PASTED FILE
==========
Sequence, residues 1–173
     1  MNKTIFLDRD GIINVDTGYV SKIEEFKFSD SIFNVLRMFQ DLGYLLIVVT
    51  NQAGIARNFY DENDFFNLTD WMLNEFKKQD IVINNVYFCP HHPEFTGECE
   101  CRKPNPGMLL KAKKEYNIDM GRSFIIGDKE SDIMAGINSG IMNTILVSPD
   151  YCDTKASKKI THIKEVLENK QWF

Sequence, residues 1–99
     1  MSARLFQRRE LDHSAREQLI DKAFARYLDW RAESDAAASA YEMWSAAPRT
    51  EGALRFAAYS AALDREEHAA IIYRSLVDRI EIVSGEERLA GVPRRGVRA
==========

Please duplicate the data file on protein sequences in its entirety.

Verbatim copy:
Sequence, residues 1–173
     1  MNKTIFLDRD GIINVDTGYV SKIEEFKFSD SIFNVLRMFQ DLGYLLIVVT
    51  NQAGIARNFY DENDFFNLTD WMLNEFKKQD IVINNVYFCP HHPEFTGECE
   101  CRKPNPGMLL KAKKEYNIDM GRSFIIGDKE SDIMAGINSG IMNTILVSPD
   151  YCDTKASKKI THIKEVLENK QWF

Sequence, residues 1–99
     1  MSARLFQRRE LDHSAREQLI DKAFARYLDW RAESDAAASA YEMWSAAPRT
    51  EGALRFAAYS AALDREEHAA IIYRSLVDRI EIVSGEERLA GVPRRGVRA